Regular Maintenance Equals Long Life

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November 24, 2008




Fuel prices have returned back to Earth (at least for the time being), but the simple fact is that we are all still feeling the crunch of the slow economy. People can’t afford to trade up to a new coach or trailer every few years like the might have done previously, so now we’re getting more and more people who want to know how they can make their RV last longer.

Like any vehicle, a big part of that answer is regular maintenance. My philosophy is “grease and fluids are cheaper than parts and labor.” Change the oil and filter about every 5,000 miles or every season, whichever comes first. Manufacturer’s recommendations vary, of course, but changing the oil at the beginning of each season is a good idea even if the coach was not driven many miles. Condensation and contaminants can collect in the crankcase when a vehicle sits for several months. Which reminds me, unless you can’t get to your coach for some reason, it’s a good idea to start and run it once or twice a month to keep everything well lubricated. The same goes for the generator-its biggest enemy is lack of use, so make sure you start and run it under load at least once a month until travel season begins.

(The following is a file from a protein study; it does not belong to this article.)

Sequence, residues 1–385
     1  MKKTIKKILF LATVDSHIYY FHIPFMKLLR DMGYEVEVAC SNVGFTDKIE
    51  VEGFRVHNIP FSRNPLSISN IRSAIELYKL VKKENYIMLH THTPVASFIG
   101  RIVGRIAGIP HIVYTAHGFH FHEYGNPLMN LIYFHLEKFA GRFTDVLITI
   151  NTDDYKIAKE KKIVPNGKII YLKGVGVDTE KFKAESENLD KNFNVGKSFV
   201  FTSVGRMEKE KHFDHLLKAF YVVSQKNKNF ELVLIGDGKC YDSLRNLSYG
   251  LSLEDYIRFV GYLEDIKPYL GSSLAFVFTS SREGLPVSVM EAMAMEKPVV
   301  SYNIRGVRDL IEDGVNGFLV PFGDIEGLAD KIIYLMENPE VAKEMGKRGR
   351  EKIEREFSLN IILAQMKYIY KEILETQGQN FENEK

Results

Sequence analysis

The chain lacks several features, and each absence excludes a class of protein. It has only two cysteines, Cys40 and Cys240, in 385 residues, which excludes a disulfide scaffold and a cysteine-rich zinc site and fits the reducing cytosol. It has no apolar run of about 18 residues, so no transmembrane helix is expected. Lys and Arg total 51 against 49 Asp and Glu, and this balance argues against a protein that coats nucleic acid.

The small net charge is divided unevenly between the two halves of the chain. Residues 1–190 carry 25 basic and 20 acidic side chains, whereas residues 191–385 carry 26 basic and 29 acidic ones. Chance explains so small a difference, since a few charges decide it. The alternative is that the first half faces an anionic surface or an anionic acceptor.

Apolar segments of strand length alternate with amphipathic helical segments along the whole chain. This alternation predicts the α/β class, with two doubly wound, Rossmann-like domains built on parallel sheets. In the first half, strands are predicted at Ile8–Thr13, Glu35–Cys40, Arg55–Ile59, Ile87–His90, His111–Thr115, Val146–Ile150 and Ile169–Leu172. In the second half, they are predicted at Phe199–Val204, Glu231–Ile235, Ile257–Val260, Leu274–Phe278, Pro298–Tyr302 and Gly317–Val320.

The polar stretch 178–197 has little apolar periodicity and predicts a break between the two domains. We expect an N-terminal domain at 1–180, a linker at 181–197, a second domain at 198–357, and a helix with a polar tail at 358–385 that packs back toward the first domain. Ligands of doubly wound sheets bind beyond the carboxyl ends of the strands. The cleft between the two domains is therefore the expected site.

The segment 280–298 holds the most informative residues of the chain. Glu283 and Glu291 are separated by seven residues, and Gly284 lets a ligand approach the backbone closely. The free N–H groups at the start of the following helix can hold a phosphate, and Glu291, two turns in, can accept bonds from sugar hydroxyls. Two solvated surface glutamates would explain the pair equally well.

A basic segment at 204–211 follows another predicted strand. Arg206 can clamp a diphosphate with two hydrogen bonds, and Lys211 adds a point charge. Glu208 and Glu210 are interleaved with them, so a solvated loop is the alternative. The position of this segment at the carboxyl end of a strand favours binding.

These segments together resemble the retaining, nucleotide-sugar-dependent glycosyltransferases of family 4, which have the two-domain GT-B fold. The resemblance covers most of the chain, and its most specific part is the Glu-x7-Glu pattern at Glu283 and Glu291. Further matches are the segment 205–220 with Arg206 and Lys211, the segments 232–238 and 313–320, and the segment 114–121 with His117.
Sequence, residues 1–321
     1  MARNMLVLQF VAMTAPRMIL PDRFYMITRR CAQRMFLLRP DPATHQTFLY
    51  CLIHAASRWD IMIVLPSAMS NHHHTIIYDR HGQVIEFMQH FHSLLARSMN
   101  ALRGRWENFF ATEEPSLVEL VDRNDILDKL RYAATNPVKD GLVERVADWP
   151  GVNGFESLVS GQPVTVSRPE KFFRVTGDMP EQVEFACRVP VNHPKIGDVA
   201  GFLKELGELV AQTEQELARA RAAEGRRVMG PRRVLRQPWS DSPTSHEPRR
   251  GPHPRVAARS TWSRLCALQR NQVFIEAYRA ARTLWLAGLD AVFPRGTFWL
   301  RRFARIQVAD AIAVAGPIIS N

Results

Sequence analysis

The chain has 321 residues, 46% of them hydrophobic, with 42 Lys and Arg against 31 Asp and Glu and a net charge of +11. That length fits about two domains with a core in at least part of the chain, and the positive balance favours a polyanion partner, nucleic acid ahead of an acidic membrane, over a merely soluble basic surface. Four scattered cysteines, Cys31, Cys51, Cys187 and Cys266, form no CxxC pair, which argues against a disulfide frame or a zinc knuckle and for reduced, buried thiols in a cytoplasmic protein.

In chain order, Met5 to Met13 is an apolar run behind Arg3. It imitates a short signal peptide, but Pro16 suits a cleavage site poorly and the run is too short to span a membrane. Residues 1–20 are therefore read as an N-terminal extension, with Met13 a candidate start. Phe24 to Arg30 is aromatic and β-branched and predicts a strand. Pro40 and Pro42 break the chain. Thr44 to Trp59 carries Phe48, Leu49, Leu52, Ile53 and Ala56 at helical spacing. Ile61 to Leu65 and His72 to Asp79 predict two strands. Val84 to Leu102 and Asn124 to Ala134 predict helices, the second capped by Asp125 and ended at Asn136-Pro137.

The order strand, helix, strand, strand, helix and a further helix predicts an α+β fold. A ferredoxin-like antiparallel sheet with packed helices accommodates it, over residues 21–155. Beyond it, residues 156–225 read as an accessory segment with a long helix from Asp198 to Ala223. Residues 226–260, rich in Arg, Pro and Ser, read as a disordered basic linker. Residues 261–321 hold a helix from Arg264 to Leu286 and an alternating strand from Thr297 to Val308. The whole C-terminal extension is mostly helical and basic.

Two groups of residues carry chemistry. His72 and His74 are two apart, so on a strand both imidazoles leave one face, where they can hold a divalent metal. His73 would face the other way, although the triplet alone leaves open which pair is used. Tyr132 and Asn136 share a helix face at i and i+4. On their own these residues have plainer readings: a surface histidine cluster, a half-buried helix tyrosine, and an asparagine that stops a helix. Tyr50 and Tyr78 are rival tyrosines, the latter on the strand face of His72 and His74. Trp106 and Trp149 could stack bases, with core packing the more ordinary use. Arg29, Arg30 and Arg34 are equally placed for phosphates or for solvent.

As many of you have probably already read, I’m a big advocate of synthetic oils in every place you can use them-engine, transmission, even power steering. Yes, they’re more expensive, but they provide better protection and last longer, too. They don’t actually wear out like ordinary petroleum-based oils do-they just get dirty. Using a good filtration system like Amsoil’s new Ea oil filters with full synthetic nanofiber technology or even a remote oil filtration system can help you get the most out of your oil and greatly extend time between oil changes. Don’t forget to have the lube points checked once a year, and if you haven’t had the coolant system flushed in a couple of years, you might want to do that, too. While you’re at it, check the belts and hoses for signs of cracking. Today’s products are so good and reliable that we tend to forget about them, but if the serpentine belt breaks or a coolant hose fails, your trip is done for a day, at least.